For me, yoga teachings helped me get deeper in touch with my body, and taught me to calm myself down with a few deep breaths whenever I experience anxiousness, as anxiety, anger, fear and all states of mind are impermanent. After a period of yoga I found I could work my anxiousness out of my body and manage to sit still for a period of time without fidgeting. So then I started meditating. Not that I can keep my mind still for more than a few breaths at a time, but I find myself craving to practice meditation more often. I also want to read up more about the other limbs of yoga, to figure out this spirituality thing. Instead of being able to focus and work on my tasks at hand, I just want to spend all of my time practicing more yoga, reading more about yoga, learning more meditation and pranyama techniques. All this because of how good I feel after yoga practices and meditation sessions. Is this any different from sugar addiction? It's not quite as severe as a heroin addiction, but it's an addiction that interferes with daily mundane tasks nevertheless.
Not all advanced meditation practitioners achieve a state like Michael Roach and Charles Buell Anderson. I'm not saying their meditation practice actually damaged their brains. It's a tough struggle to decide how much you want to fit in with the social norm and how much you want to say "the hell with it" and pursue an extreme path to happiness at the expense of people giving you odd looks or calling you coo-coo. It's easy to say we just want to achieve a "balance", but is your balance same as my balance? Why do we pursue anything that we do? They say the pursuit of happiness is what drives everyone to get out of bed in the morning. Sure, some people end up stuck in a job that they hate, in a relationship that's not working, with children that they have to feed by keeping their hated jobs, but initially, we all find a job in order to make us money which is supposed to allow us to buy stuff that will make us happy. We pursue romantic relationships because that's supposed to make us feel loved and whole (or fun and exciting), and we have children because kids are supposed to bring us joy. So when things don't turn out they way they're supposed to, the spiritual teachings remind us that everything is impermanent, be grateful with what we have, and don't base our happiness solely on trying to please other people, etc etc. These teachings on their own help make life bearable, but here you have two gurus who have obtained the psychic power to invoke euphoric states at will! Their spiritual teachings no doubt also help them to not get upset by conventional criticisms towards them.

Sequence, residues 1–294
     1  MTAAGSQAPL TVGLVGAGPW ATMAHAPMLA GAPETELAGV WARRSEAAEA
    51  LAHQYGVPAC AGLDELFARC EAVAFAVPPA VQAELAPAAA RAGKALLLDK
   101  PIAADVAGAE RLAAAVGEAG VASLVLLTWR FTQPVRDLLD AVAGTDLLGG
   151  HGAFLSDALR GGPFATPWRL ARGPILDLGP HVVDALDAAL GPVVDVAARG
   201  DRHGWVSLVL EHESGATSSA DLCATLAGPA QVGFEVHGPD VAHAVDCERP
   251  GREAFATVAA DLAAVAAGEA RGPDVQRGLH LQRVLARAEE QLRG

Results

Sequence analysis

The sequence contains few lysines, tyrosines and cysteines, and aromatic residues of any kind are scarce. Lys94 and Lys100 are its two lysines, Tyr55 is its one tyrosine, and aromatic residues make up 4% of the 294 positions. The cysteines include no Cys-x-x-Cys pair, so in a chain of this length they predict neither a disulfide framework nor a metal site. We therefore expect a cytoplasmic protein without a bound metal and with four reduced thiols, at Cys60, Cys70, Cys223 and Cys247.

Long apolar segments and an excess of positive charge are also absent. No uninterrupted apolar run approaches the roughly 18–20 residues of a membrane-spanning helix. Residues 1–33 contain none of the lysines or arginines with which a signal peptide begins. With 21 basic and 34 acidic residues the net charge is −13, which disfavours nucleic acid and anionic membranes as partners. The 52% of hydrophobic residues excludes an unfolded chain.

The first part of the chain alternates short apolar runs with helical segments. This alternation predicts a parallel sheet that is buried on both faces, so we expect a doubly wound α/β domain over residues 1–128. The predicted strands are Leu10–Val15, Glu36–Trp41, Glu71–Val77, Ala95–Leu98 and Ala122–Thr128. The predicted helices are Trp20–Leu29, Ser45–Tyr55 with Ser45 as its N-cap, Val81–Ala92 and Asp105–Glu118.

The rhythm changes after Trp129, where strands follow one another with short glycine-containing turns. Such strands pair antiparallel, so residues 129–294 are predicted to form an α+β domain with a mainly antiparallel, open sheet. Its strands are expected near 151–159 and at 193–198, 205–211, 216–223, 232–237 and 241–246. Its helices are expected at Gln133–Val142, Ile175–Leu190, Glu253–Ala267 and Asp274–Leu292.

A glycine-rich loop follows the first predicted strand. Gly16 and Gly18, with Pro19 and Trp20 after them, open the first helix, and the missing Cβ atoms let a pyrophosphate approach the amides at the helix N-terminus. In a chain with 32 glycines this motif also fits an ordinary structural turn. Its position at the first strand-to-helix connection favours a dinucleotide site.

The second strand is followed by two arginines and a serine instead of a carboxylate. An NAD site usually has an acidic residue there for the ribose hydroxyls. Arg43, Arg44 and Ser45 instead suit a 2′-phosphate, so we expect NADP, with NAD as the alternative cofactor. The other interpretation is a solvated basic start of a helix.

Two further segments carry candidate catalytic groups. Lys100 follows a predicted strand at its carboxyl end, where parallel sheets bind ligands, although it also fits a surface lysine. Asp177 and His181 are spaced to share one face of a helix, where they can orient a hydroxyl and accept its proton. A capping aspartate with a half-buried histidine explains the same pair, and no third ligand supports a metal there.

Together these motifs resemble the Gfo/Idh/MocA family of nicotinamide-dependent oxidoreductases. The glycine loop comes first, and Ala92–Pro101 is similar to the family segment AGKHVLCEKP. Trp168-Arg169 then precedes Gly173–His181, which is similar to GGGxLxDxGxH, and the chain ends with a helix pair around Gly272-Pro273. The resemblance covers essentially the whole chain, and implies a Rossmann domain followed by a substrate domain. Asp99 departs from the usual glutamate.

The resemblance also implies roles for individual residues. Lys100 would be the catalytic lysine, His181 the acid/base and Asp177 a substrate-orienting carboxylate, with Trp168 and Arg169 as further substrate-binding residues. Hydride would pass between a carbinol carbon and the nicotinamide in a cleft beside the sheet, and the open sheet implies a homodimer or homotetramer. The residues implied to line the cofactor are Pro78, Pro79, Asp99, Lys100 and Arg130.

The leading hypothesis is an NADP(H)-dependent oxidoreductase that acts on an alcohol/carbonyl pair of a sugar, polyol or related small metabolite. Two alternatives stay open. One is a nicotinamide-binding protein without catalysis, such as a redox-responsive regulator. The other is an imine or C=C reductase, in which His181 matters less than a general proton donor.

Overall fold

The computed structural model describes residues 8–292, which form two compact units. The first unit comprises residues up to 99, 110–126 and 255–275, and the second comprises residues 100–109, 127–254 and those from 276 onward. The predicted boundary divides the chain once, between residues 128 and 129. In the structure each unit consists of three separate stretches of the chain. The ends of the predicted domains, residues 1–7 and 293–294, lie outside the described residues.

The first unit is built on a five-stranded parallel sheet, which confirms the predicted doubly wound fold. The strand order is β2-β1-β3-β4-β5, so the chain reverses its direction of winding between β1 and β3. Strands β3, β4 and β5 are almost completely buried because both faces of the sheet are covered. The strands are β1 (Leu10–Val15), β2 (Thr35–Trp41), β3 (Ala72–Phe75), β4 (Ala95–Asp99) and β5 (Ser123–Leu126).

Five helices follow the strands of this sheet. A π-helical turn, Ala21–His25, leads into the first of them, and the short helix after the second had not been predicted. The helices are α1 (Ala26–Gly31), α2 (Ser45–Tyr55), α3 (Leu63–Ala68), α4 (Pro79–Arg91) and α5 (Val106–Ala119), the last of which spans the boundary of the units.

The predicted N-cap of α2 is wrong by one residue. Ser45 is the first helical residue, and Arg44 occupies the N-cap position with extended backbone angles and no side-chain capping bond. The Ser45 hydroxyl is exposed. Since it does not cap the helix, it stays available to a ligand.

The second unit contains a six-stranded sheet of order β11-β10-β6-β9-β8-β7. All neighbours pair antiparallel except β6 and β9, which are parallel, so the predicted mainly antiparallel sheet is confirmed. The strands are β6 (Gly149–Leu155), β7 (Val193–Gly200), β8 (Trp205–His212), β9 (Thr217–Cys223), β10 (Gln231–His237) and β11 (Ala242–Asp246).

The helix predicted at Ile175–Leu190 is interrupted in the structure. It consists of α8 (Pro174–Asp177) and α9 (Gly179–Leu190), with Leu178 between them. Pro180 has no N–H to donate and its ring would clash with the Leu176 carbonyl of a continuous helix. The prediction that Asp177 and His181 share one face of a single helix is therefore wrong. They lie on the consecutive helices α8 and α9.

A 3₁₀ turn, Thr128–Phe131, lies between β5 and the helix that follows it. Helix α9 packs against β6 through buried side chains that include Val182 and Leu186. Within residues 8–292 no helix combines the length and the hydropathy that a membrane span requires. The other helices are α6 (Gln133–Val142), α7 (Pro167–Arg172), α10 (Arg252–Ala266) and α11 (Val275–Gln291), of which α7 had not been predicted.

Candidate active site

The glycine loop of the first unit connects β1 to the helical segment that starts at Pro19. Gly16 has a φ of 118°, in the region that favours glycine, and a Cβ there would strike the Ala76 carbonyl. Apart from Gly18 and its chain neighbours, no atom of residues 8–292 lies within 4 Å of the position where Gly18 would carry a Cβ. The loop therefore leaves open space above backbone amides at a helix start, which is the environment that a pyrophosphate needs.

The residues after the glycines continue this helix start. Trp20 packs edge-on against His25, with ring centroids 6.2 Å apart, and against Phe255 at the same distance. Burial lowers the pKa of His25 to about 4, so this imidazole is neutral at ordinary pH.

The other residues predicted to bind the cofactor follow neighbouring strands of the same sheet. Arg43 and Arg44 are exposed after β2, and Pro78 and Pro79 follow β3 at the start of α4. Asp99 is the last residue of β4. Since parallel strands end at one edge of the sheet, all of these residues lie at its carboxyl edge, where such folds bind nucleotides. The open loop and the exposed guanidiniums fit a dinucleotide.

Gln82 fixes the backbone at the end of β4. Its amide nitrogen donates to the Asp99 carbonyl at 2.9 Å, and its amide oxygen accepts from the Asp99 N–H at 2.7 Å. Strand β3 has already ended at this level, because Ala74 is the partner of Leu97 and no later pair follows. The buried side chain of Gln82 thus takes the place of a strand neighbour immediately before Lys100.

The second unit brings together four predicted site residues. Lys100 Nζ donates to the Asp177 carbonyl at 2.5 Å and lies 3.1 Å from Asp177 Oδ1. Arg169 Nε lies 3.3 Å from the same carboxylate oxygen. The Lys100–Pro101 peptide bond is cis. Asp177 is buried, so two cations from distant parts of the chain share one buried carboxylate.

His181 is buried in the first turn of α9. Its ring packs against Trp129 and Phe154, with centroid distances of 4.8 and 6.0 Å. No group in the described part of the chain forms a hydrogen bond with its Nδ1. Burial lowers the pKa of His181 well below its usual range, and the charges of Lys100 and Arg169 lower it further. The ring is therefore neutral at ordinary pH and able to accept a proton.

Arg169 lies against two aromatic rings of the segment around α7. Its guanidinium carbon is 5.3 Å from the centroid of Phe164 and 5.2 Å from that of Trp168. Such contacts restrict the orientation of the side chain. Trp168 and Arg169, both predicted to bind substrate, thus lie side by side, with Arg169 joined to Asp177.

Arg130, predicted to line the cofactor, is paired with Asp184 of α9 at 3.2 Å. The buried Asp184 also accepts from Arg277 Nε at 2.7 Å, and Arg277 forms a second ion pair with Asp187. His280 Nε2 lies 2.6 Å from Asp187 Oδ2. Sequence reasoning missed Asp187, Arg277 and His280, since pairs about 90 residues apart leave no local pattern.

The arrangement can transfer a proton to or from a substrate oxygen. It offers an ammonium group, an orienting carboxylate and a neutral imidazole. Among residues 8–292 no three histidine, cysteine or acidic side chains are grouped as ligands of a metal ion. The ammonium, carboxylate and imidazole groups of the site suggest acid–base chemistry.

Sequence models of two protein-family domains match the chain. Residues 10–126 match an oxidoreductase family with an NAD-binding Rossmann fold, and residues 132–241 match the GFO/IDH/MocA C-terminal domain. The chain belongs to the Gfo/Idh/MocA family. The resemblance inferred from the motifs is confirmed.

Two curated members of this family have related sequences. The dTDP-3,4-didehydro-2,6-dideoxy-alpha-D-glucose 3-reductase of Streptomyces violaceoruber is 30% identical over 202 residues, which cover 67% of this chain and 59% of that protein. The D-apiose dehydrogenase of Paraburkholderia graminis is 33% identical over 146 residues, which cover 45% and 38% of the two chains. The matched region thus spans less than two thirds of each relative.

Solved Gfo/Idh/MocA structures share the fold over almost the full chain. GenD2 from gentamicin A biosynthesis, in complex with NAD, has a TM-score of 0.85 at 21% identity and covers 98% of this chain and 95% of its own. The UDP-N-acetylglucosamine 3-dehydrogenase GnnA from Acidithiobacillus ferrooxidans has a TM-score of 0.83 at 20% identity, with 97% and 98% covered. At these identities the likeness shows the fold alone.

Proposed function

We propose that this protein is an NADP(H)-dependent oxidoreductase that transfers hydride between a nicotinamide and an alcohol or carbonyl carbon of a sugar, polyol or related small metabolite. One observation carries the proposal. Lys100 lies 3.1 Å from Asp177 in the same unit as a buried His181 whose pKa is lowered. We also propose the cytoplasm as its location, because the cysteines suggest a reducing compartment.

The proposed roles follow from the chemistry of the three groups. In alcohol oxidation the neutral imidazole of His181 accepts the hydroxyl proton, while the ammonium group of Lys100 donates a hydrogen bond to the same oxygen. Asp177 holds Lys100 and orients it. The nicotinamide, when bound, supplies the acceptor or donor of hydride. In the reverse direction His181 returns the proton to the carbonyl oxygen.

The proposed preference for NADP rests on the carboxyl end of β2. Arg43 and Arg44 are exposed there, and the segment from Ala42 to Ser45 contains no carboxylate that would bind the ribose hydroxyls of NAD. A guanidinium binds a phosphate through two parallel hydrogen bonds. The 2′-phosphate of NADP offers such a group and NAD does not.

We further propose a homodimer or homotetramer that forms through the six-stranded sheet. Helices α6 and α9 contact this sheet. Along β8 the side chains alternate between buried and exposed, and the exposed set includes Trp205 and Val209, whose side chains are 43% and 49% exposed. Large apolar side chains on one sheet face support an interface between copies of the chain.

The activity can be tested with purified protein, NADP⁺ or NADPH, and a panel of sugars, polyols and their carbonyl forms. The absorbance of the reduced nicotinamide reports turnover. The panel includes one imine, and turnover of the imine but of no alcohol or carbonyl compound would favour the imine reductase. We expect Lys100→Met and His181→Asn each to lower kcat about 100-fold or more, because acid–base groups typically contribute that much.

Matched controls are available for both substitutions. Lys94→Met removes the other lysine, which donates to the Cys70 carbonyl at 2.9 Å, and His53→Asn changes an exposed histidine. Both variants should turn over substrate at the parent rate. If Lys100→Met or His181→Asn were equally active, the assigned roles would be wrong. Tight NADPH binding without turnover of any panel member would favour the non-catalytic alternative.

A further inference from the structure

Sorry for being long-winded again. Basically, should I keep on practicing meditation, pranyama, yoga, chanting and other spiritual activities that are no doubt strengthening the spiritual neuro-pathways in my right brain, knowing that these activities make me happy, at the expense of non-yogi friends distancing themselves from me? Or should I reduce the amount of spiritual pursuit (or happiness brain exercise, if spirituality doesn't actually exist), so I can better relate to my old-time weekend-alcoholic friends, couch-potato friends, iPhone-addict friends and fitness-fanatic friends (as Evelyn discussed in her recent blog post)? If I firmly believed in an Almighty God, and that my existence is to serve and honor God, then there's no question that the pursuit of spirituality trumps all other activities. The biggest problem I have with this way of thinking is that so many religious people swear by this, but they do not constantly inquire within themselves, seriously asking the question: "Would my beloved God really approve of my actions (start a war, condemn people who think differently from myself, etc)?" Oh man, I just realized I can write another post on the topic of human-to-God communication mechanism. I better stop here before I go on for another 10 pages.